Joan reached for words. The woman stared down at her. Her eyes were so pale Joan couldn’t quite work out their colour, and her gaze wasn’t exactly patient so much as suggestive of some slightly alien way of experiencing the passage of time. Slowly, furtively, Joan dropped her own gaze to the stranger’s feet, which were shoeless, clad in grey lisle stockings. Ah.

She raised her eyes, and found Holmes-Hooper-or-Donovan still watching her. “No?” Joan asked finally, her voice tight and pleasant, not sure what they were discussing.

“No,” the stranger said. Her voice thrummed huskily in her throat. “He’s in his office, taking a ’phone call. I imagine he won’t want to be disturbed for quite some time—not even to hear your revelations.”

“What are you talking about?” Joan asked, a little desperately.

“Major Harding, obviously,” the woman sighed. “And your intention to inform him that despite what you said earlier, no, the injury you received in your recent accident isn’t a sprain; it’s much more serious, and you don’t believe it will go away in a few days. But, as I’ve stated, he’s occupied, so I suggest you save yourself the walk. It’s two flights, after all, and he’s only going to dismiss you. I can’t imagine you really want to do it anyway. You’re standing in the doorway, may I...?”

“Yes, of course,” Joan said, stepping automatically away from the door. The woman breezed by. She was in civilian clothing—a dark purple blouse which was really too small on her and a black skirt which, as Joan watched, fanned out and fluttered as she set herself down onto her bed.

“Sorry,” said Joan, “did you overhear—?” She made a gesture over her shoulder, feeling horror and confusion creep slowly but surely inwards.

“No,” the stranger said, “of course not.”

“Right. Good. I’m glad. How do you know—”

The stranger rubbed her hand over her face—spidery fingers passing over thin eyebrows, pointy cheekbones, full lips, a strange, clammy sort of paleness. She was pretty. No, she was very far from pretty. She was probably closer to beautiful, in an unfamiliar and bad-tempered way. “Do you have a pen?” she interrupted. Joan stopped and pressed her lips together.

“I don’t have a pen, no.”

The woman was touching her lower lip with the tips of her fingers and frowning, her eyes fixed with uncanny steadiness on Joan. “That’s interesting,” she murmured.

“Ha,” Joan said, too brightly. “Is it. Sorry, who are you? How do you know—anything about me?”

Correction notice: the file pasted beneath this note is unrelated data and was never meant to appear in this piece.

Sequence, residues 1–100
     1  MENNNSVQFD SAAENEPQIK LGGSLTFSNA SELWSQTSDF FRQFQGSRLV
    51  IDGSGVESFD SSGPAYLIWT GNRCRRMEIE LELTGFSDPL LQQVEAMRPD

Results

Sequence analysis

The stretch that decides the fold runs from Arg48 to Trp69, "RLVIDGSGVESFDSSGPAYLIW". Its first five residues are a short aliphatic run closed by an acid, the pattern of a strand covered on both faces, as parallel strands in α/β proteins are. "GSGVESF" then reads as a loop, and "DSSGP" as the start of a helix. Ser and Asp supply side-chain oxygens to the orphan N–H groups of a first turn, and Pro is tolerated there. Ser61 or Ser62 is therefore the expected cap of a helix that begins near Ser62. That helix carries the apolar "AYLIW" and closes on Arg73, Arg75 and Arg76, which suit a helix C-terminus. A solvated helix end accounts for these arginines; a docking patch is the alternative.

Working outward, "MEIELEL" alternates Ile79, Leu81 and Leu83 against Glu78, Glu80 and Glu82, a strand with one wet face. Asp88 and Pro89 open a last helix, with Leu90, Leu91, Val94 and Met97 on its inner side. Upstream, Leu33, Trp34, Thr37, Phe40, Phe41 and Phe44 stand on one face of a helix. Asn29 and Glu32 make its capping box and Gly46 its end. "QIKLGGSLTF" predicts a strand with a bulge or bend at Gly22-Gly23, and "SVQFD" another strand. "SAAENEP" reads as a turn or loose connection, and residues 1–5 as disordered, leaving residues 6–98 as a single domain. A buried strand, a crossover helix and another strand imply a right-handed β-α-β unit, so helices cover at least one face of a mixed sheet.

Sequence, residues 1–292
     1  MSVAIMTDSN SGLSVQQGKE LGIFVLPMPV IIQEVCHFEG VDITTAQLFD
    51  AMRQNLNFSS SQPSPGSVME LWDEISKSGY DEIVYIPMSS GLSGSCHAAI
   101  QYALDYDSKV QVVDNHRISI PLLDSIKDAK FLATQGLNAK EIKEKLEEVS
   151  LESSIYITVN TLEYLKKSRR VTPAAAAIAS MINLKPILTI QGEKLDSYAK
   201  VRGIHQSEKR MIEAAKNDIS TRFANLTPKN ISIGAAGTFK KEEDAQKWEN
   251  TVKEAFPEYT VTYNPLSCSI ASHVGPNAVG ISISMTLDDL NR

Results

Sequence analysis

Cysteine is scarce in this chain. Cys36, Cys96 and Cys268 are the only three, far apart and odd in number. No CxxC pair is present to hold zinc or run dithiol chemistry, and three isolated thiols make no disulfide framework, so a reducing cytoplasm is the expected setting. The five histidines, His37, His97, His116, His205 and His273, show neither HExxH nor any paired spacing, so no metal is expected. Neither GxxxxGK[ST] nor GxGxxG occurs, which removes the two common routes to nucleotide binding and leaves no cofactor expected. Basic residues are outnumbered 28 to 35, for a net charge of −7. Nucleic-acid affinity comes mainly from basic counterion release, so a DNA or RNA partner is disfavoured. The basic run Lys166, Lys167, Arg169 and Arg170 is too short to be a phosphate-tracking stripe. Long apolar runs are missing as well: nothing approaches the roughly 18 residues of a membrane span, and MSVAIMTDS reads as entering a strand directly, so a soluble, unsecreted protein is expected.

“By looking,” the woman said, suddenly standing up and pulling out the drawer of her bedside table, frowning at the contents. Joan just stared at her. “It’s interesting because it means that you’re not in the habit of writing to your family—odd for a woman who, until now, has been working up around Newcastle, while her sister remains in London. Of course, perhaps you two just aren’t close. She wrote to you after your accident—a crash, I suppose—but not before or after. Rather remarkable, though, that you didn’t write back.” She pushed suddenly past Joan, whose mouth was hanging open, and threw her suitcase onto her bed to open it. “Maybe she was consoling you after your injury, maybe she was congratulating you on your promotion to Corporal and reassignment to a desk job. You would have found either one distasteful enough—hurtful enough, perhaps—to refuse to respond. Or, of course, you could just not be on speaking terms with her. You don’t like her drinking, after all, or her black market interests, and I imagine your grammar school education, not to mention the time you spent in France, isolated you from your family somewhat. Sherlock Holmes.”


“It’s my name. You asked who I was.”

“Right, actually, I meant—”

“Could have sworn I had a pen in here somewhere,” Sherlock remarked, dropping the lid of her suitcase with an irritable flick of her wrist. She seemed to be talking over not just Joan but the universe at large, and she was swanning off in the direction of the door. Still without shoes on. “Supply cupboard on the first floor, then. Lovely to meet you, Joan—”

“Oh, for God’s sake, come off it, you can’t know my name as well as—”

“Your suitcase,” Sherlock said, poking her head back through the door to deliver the words with a wild flash of teeth and her curls bouncing against her cheek. “You'll want to put in for a room change, of course. When you do stay.” And then she ducked out again.

The door clicked shut. The silence rolled.

Joan stared after her, wetting her lips compulsively, fingers flexing on the handle of her cane. Slowly, she turned to look at her suitcase, where it lay open on her bed. “Oh,” she said, feeling both dim and relieved. Harry’s letter, addressed to Cpl Joan Watson, Fenham Barracks, Newcastle, was sitting quietly atop her neatly-folded clothes. Explaining—really very little, all the same.